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Four Years at the Mount

Junior Year

Letter to Myself

Kyle Ott
MSM Class of 2015

(7/2013) Like the other Four Year at the Mount writers, I have written a letter to the past, imperfect version of myself, the Kyle that was caught somewhere between two different realities: the independent man I am today, and the nervous, shy young man who ventured out into the world one tentative step at a time.

Dear Past Me,

What is up, dude?! First things first, let’s not worry about the specifics as to how you got this letter. We’re English men, so let’s leave the science stuff to people who are far better at it than us. We may be great at writing, but contemplating the sheer scientific knowledge to understand time travel is far from our wheelhouse. I am not sure the exact time that this letter will reach you, or what you’ll be going through by the time you get this. We’ve been through a lot, you and me. We switched schools together and made a whole new group of friends. In a world of a million different possibilities, dreams, and career paths for us to choose from, we decided that the only thing we wanted to do with our life was write for a living. We wanted to share the stories we had in our head and in our heart with the entire world. When we put the pen to the page and the words just seem to flow out, it’s intoxicating. I know it is easy to get lost in the words, the pages, and the characters. I promise you that the wonderful sensation you get from creating whole new realities when you write will only grow as you do. However, I would caution you to keep one foot in the world you live in and the other in the world you create. Yes, the things that you can come up with are amazing, but believe me when I say that the places you will one day go are far more beautiful than any landscape you could dream up. And the people? The people you meet will surprise you and inspire you in ways you could not yet understand. Believe me when I say that your work and your existence will be richer for having met them.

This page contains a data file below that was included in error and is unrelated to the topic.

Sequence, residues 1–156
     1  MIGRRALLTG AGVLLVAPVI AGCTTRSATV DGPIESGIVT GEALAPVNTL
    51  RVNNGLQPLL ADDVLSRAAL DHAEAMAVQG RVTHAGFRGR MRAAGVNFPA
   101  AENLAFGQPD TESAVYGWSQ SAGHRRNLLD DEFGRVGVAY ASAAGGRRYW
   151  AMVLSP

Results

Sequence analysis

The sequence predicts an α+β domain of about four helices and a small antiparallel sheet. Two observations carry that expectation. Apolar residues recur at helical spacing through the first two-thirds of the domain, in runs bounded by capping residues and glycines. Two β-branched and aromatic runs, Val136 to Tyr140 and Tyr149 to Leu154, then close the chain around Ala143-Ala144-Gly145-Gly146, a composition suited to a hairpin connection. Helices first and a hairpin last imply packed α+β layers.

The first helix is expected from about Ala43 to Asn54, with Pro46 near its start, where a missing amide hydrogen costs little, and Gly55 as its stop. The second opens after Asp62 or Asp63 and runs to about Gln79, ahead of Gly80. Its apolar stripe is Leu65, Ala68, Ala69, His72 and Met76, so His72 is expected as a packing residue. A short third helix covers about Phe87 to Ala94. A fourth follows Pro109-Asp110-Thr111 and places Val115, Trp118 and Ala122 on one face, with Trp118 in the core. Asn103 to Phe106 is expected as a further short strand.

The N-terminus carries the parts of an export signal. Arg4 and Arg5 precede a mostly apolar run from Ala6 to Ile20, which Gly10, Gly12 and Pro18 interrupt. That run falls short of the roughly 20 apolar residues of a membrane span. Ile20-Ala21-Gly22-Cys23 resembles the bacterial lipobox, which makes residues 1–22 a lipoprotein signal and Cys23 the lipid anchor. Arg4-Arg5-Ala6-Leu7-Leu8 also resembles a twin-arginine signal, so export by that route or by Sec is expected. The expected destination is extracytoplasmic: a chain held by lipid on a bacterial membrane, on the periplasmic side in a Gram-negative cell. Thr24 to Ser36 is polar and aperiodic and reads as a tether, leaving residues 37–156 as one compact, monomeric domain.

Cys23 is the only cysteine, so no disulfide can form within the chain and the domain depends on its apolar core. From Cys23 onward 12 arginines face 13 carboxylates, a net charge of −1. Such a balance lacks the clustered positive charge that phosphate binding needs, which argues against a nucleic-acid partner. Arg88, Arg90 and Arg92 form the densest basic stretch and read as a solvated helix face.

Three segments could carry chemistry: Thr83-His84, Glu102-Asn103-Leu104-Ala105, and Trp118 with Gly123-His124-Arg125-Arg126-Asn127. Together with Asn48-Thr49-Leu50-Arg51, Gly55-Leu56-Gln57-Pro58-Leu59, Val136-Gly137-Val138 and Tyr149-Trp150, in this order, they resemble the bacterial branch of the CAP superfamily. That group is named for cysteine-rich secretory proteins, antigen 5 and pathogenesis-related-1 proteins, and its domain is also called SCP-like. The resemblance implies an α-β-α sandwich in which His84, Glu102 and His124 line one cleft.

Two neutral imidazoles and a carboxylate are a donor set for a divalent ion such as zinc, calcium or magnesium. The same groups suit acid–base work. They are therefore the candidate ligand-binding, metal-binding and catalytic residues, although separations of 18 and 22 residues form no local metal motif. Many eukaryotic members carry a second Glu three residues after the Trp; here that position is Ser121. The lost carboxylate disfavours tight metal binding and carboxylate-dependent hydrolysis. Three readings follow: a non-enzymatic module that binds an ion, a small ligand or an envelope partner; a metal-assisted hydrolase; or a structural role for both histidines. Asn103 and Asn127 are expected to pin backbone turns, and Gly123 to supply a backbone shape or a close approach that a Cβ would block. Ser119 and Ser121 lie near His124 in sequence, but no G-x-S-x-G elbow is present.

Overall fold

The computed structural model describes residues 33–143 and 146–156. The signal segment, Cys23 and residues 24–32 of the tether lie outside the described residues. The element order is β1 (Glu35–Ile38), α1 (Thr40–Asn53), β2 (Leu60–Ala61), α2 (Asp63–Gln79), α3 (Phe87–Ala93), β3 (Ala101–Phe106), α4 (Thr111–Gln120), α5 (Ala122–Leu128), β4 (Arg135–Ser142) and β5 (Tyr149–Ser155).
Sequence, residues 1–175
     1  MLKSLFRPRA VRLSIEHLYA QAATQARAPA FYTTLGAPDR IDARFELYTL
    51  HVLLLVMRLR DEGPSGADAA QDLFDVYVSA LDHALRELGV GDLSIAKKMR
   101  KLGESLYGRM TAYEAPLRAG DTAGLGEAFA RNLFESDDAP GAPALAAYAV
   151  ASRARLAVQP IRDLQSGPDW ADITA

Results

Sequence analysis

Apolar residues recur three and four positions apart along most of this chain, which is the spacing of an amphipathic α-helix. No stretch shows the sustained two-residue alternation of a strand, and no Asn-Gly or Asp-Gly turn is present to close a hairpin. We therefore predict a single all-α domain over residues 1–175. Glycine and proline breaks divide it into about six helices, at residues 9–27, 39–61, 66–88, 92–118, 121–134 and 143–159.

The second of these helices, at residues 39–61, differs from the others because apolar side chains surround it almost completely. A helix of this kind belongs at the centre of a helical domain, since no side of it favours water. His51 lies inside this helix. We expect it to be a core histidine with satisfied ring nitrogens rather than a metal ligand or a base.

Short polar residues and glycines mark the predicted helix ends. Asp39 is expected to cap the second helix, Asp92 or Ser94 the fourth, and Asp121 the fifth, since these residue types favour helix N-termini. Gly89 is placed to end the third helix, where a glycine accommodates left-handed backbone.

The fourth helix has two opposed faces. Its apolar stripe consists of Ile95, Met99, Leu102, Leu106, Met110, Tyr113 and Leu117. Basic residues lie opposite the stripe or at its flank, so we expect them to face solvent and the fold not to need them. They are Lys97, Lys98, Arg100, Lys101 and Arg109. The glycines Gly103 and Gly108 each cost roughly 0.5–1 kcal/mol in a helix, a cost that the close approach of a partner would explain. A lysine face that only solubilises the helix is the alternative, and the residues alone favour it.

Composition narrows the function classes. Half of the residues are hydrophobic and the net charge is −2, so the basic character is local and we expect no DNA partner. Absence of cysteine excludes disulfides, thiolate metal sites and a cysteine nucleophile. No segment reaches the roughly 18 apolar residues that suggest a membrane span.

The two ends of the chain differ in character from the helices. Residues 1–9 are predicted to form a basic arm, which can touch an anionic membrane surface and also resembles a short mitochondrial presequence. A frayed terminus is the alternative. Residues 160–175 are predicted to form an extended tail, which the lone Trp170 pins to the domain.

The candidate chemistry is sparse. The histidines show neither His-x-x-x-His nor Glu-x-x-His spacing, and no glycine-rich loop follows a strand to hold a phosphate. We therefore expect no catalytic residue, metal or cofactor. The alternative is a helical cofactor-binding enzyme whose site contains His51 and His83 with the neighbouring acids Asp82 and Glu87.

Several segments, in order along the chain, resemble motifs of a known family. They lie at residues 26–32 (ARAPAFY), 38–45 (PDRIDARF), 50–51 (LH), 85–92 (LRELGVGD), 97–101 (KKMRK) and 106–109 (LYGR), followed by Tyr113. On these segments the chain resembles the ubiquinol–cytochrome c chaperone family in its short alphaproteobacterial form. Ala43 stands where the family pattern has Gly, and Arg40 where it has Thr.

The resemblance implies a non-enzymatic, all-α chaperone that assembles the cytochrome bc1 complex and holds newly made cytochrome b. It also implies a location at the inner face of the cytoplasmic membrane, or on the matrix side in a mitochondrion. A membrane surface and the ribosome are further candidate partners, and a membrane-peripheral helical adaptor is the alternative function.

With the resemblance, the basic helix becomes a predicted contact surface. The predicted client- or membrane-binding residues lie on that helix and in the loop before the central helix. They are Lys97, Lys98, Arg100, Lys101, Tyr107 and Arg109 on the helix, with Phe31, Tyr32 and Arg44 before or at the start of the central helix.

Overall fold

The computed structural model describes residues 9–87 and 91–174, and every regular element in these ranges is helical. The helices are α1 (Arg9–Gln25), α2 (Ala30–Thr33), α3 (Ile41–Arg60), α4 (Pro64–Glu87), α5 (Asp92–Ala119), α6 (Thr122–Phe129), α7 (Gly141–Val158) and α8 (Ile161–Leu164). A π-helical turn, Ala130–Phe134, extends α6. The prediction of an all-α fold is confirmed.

I know you’re probably wondering how we’re doing, what we look like, how we sound, the places we’ve gone, and the things we’ve done, but I know how much you hate when people spoil the ending. I’ll try my very hardest to avoid any of the specifics of our life so far. It suffices to say that things are going really well for us, better than we had ever hoped for, to be honest. We still love our parents, and our little brother. Overachieving continues to be a favorite pastime, but luckily, by this point in our life, we’ve managed to turn our desire to succeed into a healthy ambition. At the time of this letter’s creation we are currently a 20-year-old junior in college. How sweet is that, dude? More than halfway done with the last phase of our educational career! It’s kind of mind blowing for me to think about, so I can only imagine how you feel hearing that you have become so old so quickly (I kid, I kid. We still have many years left in us, God willing).